12. 12. 22 23 Standards for suppliers Walmart sets out expectations for suppliers in their Standards for Suppliers and Standards for Suppliers Manual. These standards apply to all suppliers and their facilities—including subcontracting and packaging facilities. Factories are required to designate employees responsible for facility compliance. Walmart advertises factory visibility and disclosure— terminology that typically refers to public disclosure of production facilities. However, Walmart does not publicly disclose facilities. Walmart’s standards, however, are misleading. For instance, Walmart advertises factory visibility and disclosure—terminology that typically refers to public disclosure of production facilities. However, Walmart does not publicly disclose facilities. Instead, Walmart’s reference to visibility and disclosure strictly refers to internal disclosure: “All facilities within the scope of Walmart’s Responsible Sourcing program must be disclosed to us and available for a Responsible Sourcing audit.” In a production context where rampant rights abuse are structurally embedded within supply chains, the importance of full public disclosure cannot be underestimated. Public disclosure of suppliers provides a step toward accountability by allowing labour rights groups, the government and other parties to monitor labour rights in their direct supplier and subcontractor factories. Further, Walmart notes that “approved brands”—suppliers or product brands that have sufficient brand equity and market presence – may be exempted entirely from the disclosure requirement. It is significant to note that exemptions are made on the basis of market presence, rather than responsible labour and environmental practices. It is not suprising that Walmart supplier standards do not prioritize responsible labour practices. In 2007, Walmart admitted in California US District Court that workers were not in fact the intended beneficiaries of its code of conduct. It is not suprising that Walmart supplier standards do not prioritize responsible labour practices. In 2007, Walmart admitted in California US District Court that workers were not in fact the intended beneficiaries of its code of conduct. In a suit brought by the International Labor Rights Forum on behalf of Walmart supply chain workers from China, Bangladesh, Indonesia, Swaziland and Nicaragua, workers claimed that Walmart’s code of conduct created a contractual obligation between Walmart and the employees of its global factory suppliers who agreed to comply with the code of conduct. Under California law, workers would have been parties to the contract and could bring suit as intended beneficiaries. Rather than operating under a legally binding code of conduct, however, Walmart told the court that its code of conduct was intended to protect Walmart from reputational harm and not to benefit workers (ILRF 2015). Part 4 of this report, a detailed analysis of the rights violations in Walmart garment supply chains, includes further analysis of Walmart’s Standards for Suppliers and Standards for Suppliers Manual. Features of Walmart standards are discussed in relationship to international standards, national laws and industry standards. Worker helpline Walmart claims to require suppliers to display a toll-free number, e-mail address and website where workers can anonymously report concerns in local languages. However, none of the 344 workers who participated in this study—across 80 factories in Bangladesh, Cambodia, India and Indonesia—reported knowing about or using the worker helpline. Audit Process Walmart claims to use a detailed social, safety and environmental audit compliance process to evaluate whether a factory meets Standards for Suppliers. These include: ensuring that workers are properly paid for all labour hours, all labour is volunatary, all producers comply with all child labour laws and standards, working hours are not excessive and consistent with laws and regulations and factories meet health and safety standards. The Walmart Responsible Sourcing audit process includes document review of licenses, permits and records relating to labour, employment and pay practices; visual inspection of the premises; and confidential worker interviews. According to Walmart, audits are unannounced and conducted at facilities by third-party audit firms—including Accordia, Bureau Veritas, Elevate, Intertek, UL, SGS and TUV. However, since audit reports are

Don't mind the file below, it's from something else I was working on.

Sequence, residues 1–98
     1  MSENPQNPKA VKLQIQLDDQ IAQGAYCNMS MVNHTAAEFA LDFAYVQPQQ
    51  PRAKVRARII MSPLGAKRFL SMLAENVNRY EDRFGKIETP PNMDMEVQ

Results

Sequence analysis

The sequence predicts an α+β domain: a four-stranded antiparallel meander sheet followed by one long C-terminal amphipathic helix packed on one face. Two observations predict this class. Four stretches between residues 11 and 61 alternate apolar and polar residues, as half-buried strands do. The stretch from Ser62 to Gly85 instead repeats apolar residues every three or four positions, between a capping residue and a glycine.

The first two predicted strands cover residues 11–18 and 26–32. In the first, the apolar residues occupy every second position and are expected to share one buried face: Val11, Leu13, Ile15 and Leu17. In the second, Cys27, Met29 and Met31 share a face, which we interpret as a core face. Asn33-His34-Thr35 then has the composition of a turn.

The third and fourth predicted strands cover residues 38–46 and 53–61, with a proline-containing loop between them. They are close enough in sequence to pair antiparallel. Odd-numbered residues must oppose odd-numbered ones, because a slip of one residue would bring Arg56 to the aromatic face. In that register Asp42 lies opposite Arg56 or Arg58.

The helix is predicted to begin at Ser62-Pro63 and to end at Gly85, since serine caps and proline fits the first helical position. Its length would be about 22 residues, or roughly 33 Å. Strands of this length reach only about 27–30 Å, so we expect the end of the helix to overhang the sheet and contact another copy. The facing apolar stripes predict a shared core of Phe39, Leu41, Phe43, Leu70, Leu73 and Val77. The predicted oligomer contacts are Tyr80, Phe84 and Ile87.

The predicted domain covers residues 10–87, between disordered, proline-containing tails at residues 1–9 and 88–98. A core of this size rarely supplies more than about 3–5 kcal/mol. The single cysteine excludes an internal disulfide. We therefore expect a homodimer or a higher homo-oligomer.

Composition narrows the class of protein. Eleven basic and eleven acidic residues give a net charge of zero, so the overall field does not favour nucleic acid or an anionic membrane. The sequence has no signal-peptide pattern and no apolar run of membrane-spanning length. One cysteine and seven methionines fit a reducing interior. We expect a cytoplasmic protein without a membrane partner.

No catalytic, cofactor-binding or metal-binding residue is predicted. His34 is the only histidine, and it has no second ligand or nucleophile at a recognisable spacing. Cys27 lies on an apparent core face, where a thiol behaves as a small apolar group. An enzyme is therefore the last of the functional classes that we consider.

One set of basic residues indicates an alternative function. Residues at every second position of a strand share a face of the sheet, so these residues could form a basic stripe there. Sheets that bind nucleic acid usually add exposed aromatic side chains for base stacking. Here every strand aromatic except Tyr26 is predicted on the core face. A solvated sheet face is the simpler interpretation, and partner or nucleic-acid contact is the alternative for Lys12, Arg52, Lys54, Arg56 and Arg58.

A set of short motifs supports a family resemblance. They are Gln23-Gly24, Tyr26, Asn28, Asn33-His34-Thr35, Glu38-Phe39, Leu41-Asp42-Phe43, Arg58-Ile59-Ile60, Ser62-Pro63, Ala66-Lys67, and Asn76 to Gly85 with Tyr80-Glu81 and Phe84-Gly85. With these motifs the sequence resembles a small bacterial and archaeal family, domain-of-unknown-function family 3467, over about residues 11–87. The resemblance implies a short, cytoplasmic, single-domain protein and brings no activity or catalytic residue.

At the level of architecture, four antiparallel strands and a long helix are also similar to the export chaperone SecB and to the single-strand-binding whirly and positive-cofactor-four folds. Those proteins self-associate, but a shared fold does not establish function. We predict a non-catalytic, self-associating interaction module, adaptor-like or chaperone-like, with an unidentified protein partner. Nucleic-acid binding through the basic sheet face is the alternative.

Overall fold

13. 13. 24 25 not publicly available, it is not possible to verify audit standards or the impact of any follow up measures that may be taken. Exemplifying the problematic structure of global supply chain production, risks and costs are passed from Walmart to the supplier. These costs are ultimately absorbed by workers in the form of low wages, extended working hours, flexible terms of employment and unsafe working conditions. Walmart does not, however, take responsibility for remediating violations. According to Walmart, facility audit results are passed on to suppliers and it is the supplier’s responsibility to work with facilities to remediate audit findings. Exemplifying the problematic structure of global supply chain production, risks and costs are passed from Walmart to the supplier. These costs are ultimately absorbed by workers in the form of low wages, extended working hours, flexible terms of employment and unsafe working conditions. For instance, Walmart’s Ethical Sourcing Assessor gave Tazreen Fashions, near Dhaka, Bangladesh an orange rating—indicating that the factory had violations and/or conditions that were deemed to be “high risk.” In November 24, 2012, a fire at Tazreen Fashions took the lives of 112 workers and injured at least 150 other workers (ILRF 2015). Although Walmart claims that they discontinued business with Tazreen prior to the fire, factory records and evidence recovered on site proved that at least six Walmart suppliers were sourcing Walmart goods from Tazreen in 2012 and that Walmart was the biggest producer in the months leading up to the fire. Severe rights violations in a facility may trigger a higher re-audit frequency—but does not immediately lead to any further action by Walmart. Findings of forced labour, child labour or worker abuse would result in a “first strike.” The consequence of a first strike is a two-year mark on the suppliers record and the option for Walmart to cancel current and future orders. It is only after receiving three strikes within a two-year period that Walmart may terminate a business relationship with a supplier. Walmart makes no commitments to remediating rights violations or addressing the needs of abused or exploited workers. Walmart makes no commitments to remediating rights violations or addressing the needs of abused or exploited workers. For instance, despite being the biggest producer at Tazreen Fashions, Walmart still has not paid a penny in compensation to the families of the 112 workers who died. Nor has the company contributed any assistance, financial or otherwise, to the more than 200 workers who were injured in the fire. Walmart support for the California Transparency in Supply Chains Act Walmart publicly supports the California Transparency in Supply Chains Act. The Act seeks to abolish child, bonded labour and human trafficking in global supply chains. It requires companies to publicly disclose the steps they are taking to identify and eradicate forced labour in their supply chains. To uphold the clauses in the Act, Walmart references the Responsible Sourcing Program and audit procedures discussed above. The shortcomings in these programs—including failure to assess industry and supplier related risks; suspension of disclosure requirements for approved brands; an audit process that shifts complete responsibility to suppliers; and a three strike policy that permits ongoing engagement with factories that employ forced and child labourers—undermines the efficacy of Walmart’s articulated commitments to identify and eradicate forced labour in their supply chains. Since audit reports are not public, there is no way to confirm whether Walmart has in fact made progress on this commitment to eliminate child and forced labour. Accord on Fire and Building Safety in Bangladesh On April 24, 2013, the Rana Plaza, an eight-story commercial building, collapsed in Savar sub- district in the Greater Area of Dhaka, Bangladesh. The Rana Plaza industrial factory fire that killed 1,139 workers and injured 2,500 more is considered the most serious fatal accident to have occurred in a textile factory in modern history. Following the devastating collapse of Rana Plaza, 200 brands signed the 2013 Accord on Fire and Building Safety in Bangladesh—Walmart refused. The Accord is a legally-binding agreement that commits signatory brands and retailers to require their factories to undergo essential safety renovation, provide financial assistance to factories to conduct renovations as needed and stop doing business with factories that fail to undertake renovations according to deadlines established by the Accord’s independent inspectorate. Accord inspections are undertaken by qualified safety engineers with in-depth expertise in fire, building and electrical safety. To date, Walmart has refused to make a contractual commitment to work with their suppliers and local and international trade unions to ensure that repairs are made and workers have the right to refuse dangerous work.